The Rumpus Interview with Co-writers and Friends Sheila Heti and Misha Glouberman


Years ago, author and artist Sheila Heti conceived of a project called The Moral Development of Misha, a novel about friend and collaborator Misha Glouberman. Heti churned out a good sixty pages before throwing it over for a different idea: a non-fiction, first-person guide to everything that Misha knew — Glouberman speaking, Heti transcribing.

The resulting product, The Chairs Are Where The People Go, offers a composite image of Glouberman by way of his work, interests, and values — a slim handbook of practical wisdom as gentle and funny as the man himself.

Having recently completed a multi-city tour to promote the book, Heti and Glouberman sit across from each other in Heti’s breezy Toronto apartment, eating blackberries and discussing the pleasures and challenges of writing in tandem.


The Rumpus: What ultimately happened to The Moral Development of Misha?

Misha Glouberman: I think that fed into How Should A Person Be? [Heti’s 2010 novel]. The other thing that came out of the earlier project, less directly, is this book.

Sheila Heti: There was a time when I wanted to make How Should A Person Be? and The Chairs Are Where The People Go part of the same book. It was always hard to understand what the relationship between the two were, but when Misha said, definitively, that they could not be the same book, then the Chairs became clear as a book in its own right. But I wasn’t always sure how it was going to work out.

Rumpus: Misha, how did your demands direct the project?

Glouberman: There were things that both Margaux [Williamson, featured in How Should A Person Be?] and I were willing to do in terms of our involvement that shaped what the books were. Margaux was comfortable being fictionalized, but I wasn’t — and then Margaux also wasn’t comfortable being fictionalized—

Heti: I thought that was just you?

Glouberman: No, it was very equally both of us. Margaux had agreed to be in How Should A Person Be? on the premise that it was a work of fiction, but if you merge it with this other piece of non-fiction writing, then it becomes much more confusing.

Heti: It was really stressful when you said the two books couldn’t be one volume — I was so angry!

Glouberman: Yeah, but that was just for, like, one day.

Heti: Now I can’t understand why I wanted them together so badly. I had this whole narrative about Moses and God and Moses’ brother. I was Moses, and Misha was Moses’ brother, and I could see this… superstructure. When you said it couldn’t happen that way, that plan kind of fell away.

Glouberman: There’s a funny restriction on the work, when actual people are involved. You’re in this mode as a novelist or a writer, and you have all these ideas for what you want to do in your books, but these books were actually connected to real people, so that created restrictions. And then those restrictions became useful.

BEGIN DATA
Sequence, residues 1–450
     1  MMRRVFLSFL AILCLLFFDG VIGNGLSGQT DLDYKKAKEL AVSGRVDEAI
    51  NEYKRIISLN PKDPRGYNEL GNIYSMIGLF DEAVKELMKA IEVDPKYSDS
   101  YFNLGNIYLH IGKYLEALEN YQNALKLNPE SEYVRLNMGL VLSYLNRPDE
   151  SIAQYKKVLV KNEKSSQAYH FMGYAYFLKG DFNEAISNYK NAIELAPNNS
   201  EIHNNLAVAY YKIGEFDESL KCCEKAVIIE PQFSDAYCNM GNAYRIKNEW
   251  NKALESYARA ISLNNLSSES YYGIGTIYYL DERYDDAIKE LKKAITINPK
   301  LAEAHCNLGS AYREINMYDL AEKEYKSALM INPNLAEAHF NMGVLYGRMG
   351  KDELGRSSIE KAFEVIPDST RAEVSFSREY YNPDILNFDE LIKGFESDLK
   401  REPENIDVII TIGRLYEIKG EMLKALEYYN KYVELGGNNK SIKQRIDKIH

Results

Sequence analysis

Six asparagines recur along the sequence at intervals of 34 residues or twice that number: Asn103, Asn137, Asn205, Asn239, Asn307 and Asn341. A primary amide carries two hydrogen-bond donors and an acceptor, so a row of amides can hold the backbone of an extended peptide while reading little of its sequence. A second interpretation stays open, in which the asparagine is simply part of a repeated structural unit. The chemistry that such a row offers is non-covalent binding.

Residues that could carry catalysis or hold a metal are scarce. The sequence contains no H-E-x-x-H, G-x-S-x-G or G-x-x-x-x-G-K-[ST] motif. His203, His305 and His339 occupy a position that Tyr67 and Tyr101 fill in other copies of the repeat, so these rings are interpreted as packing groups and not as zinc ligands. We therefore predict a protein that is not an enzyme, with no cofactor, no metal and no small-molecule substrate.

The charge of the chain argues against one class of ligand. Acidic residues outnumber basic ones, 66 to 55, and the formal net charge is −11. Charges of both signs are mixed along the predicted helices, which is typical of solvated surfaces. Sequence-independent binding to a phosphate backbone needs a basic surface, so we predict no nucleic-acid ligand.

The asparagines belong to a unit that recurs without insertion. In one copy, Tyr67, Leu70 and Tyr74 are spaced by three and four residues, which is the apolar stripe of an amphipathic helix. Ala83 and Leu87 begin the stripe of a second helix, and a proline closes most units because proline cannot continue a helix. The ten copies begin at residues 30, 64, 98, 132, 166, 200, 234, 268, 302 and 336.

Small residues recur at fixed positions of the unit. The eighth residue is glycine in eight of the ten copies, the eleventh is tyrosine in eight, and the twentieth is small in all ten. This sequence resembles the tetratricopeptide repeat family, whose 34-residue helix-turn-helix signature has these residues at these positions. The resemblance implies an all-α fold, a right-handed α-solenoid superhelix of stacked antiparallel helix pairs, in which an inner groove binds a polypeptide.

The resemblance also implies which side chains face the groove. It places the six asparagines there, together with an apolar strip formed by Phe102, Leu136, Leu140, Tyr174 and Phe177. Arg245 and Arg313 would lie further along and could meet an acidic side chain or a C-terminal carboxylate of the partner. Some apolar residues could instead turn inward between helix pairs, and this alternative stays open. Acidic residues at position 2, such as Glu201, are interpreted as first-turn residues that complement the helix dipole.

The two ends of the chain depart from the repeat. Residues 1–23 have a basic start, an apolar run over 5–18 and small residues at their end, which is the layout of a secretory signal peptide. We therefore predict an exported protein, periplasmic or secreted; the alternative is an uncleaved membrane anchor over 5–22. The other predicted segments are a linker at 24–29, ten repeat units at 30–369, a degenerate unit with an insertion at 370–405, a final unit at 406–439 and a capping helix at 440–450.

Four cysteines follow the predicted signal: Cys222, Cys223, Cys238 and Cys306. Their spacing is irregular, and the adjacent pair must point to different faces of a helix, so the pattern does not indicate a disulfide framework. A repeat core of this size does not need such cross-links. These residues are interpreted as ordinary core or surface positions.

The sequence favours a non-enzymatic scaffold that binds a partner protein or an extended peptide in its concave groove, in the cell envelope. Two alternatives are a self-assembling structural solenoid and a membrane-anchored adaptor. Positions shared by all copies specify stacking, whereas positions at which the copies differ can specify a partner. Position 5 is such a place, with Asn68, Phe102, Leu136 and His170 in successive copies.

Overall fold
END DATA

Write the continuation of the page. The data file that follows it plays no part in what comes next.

Heti: I like restrictions.

Glouberman: Of course, restrictions are good, but it’s an unfamiliar restriction to think, “Oh, you can’t just do whatever you want with your characters,” because in this case, your characters are all real people in your life.

Rumpus: Thinking about that original title, The Moral Development of Misha — did you want to hang onto that at all? Not the title, but charting Misha’s development, moral or otherwise?

Heti: No. I don’t think the format of the Chairs allowed for a narrative kind of development. All the chapters were mostly written at the same time. The way we wrote it just didn’t support narrative.

Rumpus: Is there an arc, in terms of where it begins and where it ends?

Glouberman: There’s a thematic arc. The book, in some ways, describes a single moment. It doesn’t have a temporal arc to it.

Heti: It’s like when you meet someone and then slowly get to know that person. They’re not changing; you’re learning more and more about them. Misha gives off this impression of being someone who’s completely in charge of himself and his life, very confident and capable. Initially, when we were becoming friends, I couldn’t see any of his weaknesses or struggles. The more I got to know him, the more I was like “Oh, here are the weaknesses, here are the struggles.” Now the struggles and weaknesses have been divulged in the book.

Rumpus: Misha, when you look at the Chairs now, do you feel like it accurately reflects a lot of your knowledge, or how you like to live?

Glouberman: In a lot of ways, it does. But it’s very much me through Sheila’s eyes. It’s not just me: it’s me as seen by Sheila.

Rumpus: Was there a dialogue aspect in the way you worked together?

Glouberman: Not very much, really. There is a kind of feedback when you see the moment someone becomes interested or bored, or nods, or becomes excited — all those kinds of things. So Sheila’s presence was very much something I could feel, but it wasn’t an interview. We would just name a chapter, and then I’d talk.

Rumpus: Misha, a lot of your insights seem based on being adaptable, and not responding to situations habitually, in improv classes or otherwise in life. Looking at the book now, are there any parts that you’d like to modify?

Glouberman: Yeah, the whole book is like that, kind of. It’s a very weird book for me in that way. It’s definitely a part of the collaboration between Sheila and me. I would say something and tell her not to write it down, but then Sheila would say “That’s the best part!” and so we’d leave it in.

Heti: There’s a line I’m really sad that we cut.

Glouberman: What’s the line?

Heti: In the Robert McKee chapter, you originally said, “That understanding of love has ruined more marriages than the Nazis.” I really wanted that in, but Misha didn’t — it was off-the-cuff and funny, but in a way that he didn’t want. It was more funny than true.